Namibia

Eleven index companies have a presence in Namibia, but no company reports providing extension services. Seed Co is the only company that produces seed and has a testing location in the country.

Rwanda

Thirteen index companies have a presence in Rwanda, with three of these providing extension services. Three companies test and produce seed and one processes seed. No companies report breeding programs.

Somalia

Only three index companies have a presence in Somalia, one of the lowest numbers in the region. Darusalam Seed Company is headquartered here. It is the only company to report testing, production and processing activities. However, it has no breeding program of its own.

South Africa

Twenty-one index companies report having a presence in South Africa, but only two report providing extension services. South Africa is one of the seed hubs in the region, with ten companies having a breeding location and ten having seed production locations. Only one involves smallholders in production.

South Sudan

Of the nine index companies present in South Sudan, no company reports providing extension services. No company breeds in the country either and only one company has a testing location. A further two companies have seed production activities, although neither involve smallholders.

Tanzania

Twenty-three index companies report having a presence in Tanzania, a regional seed hub, with five companies having breeding and processing locations and nine having seed production locations. Nine companies provide extension services.

Uganda

Twenty-one index companies report having a presence in Uganda. Four are also headquartered here. Uganda is one of the regional seed hubs, with three companies having breeding locations, five producing seed (of which four involve smallholders) and five processing seed.

Zambia

Twenty index companies are present in Zambia, including Zamseed, which is headquartered here. Seven companies produce seed although only two involve smallholders. Four companies have breeding locations, with four in total testing and processing seed. Five companies provide extension services.

Zimbabwe

Nineteen index companies report having a presence in Zimbabwe, but only three provide extension services. Four companies have a breeding location and three produce seed. All three involve smallholder farmers in seed production activities. Four companies report having processing locations.

Disclaimer

Disclaimer
The online and printed reports presented by the Access to Seeds Index are intended to be for information purposes only and not as promotional material in any respect. The material is not intended as an offer or solicitation for the purchase or sale of any financial instrument. The reports are not intended to provide accounting, legal or tax advice or investment recommendations.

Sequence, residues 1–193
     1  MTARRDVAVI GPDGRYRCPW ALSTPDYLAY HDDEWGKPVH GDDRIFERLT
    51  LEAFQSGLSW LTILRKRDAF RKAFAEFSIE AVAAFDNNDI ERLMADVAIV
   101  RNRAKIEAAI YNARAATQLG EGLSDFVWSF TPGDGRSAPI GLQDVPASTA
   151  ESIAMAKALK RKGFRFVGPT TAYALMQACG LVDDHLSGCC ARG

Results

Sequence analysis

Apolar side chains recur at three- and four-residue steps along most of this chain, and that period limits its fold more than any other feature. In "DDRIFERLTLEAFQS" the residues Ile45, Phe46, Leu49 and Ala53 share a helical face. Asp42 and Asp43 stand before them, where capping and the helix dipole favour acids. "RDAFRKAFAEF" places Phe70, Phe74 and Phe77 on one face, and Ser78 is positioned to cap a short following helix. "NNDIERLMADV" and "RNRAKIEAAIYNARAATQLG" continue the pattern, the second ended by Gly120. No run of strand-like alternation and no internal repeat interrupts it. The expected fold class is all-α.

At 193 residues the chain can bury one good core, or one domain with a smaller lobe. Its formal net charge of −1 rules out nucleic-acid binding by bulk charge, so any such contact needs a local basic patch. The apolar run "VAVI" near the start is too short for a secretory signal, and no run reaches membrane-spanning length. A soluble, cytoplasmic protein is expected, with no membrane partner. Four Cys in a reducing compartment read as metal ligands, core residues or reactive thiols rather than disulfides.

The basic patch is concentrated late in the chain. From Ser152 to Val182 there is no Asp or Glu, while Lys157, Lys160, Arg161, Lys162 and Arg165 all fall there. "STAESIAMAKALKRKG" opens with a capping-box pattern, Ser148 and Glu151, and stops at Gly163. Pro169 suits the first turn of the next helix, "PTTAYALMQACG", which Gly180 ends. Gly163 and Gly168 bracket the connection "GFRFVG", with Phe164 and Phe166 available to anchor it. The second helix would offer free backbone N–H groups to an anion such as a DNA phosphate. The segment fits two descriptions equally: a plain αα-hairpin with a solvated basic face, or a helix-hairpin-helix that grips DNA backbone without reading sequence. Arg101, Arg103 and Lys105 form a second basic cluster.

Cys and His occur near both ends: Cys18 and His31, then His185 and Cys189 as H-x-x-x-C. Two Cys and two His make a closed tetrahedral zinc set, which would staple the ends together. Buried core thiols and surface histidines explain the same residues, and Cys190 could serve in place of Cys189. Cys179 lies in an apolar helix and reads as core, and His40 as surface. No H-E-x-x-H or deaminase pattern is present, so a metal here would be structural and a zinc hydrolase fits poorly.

As a multi-stakeholder and collaborative project the Access to Seeds Index involves members of relevant stakeholder groups in expert or advisory committees. The findings, interpretations and conclusions expressed in Access to Seeds Index reports may not necessarily reflect the views of all involved or the organizations they represent.

The data used to compile the Access to Seeds Index, the ranking and findings are based on information publicly disclosed by companies or submitted on engagement. Information has been cross-checked and where relevant, verified with experts. Final scorecards were discussed with individual companies for fact checking purposes. Whilst based on information believed to be reliable, no guarantee can be given that it is accurate or complete.

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Acknowledgements
The Access to Seeds Index 2019 is made possible through the collaborative team efforts of many experts, authors, researchers, analysts and funders. Also the guidance from the Expert Review Committees and the Supervisory Board, as well as the cooperation with the team of the World Benchmarking Alliance have been helpful.

On the side of companies, representatives have been available to provide feedback on the methodology in various stages of the development process. Also teams have been working on gathering and submitting the requested data and provide clarification where necessary.

The Access to Seeds Foundation is grateful for the contributions and expertise, of each and would like to offer thanks to those who provided valuable feedback throughout the development of the Access to Seeds Index.

Copyright
No part of this report may be reproduced in any manner without the written permission of the Access to Seeds Foundation.

Editor
Cecily Layzell, Amsterdam, The Netherlands

Design
Kummer & Herrman, Utrecht, The Netherlands

Web development
Studio September, Utrecht, The Netherlands

Photography
Grow More program:
 Syngenta
Field demonstration: East-West Seed
Governance & Strategy: Muzamil Muktar, Darusalam Seed Company
Genetic Resources: Access to Seeds Index
Intellectual Property: CIMMYT
Research & Development: Victoria Seeds
Seed Production: FICA Seeds
Marketing & Sales: Demeter Seed
Capacity Building: Kibata Kihu, Standard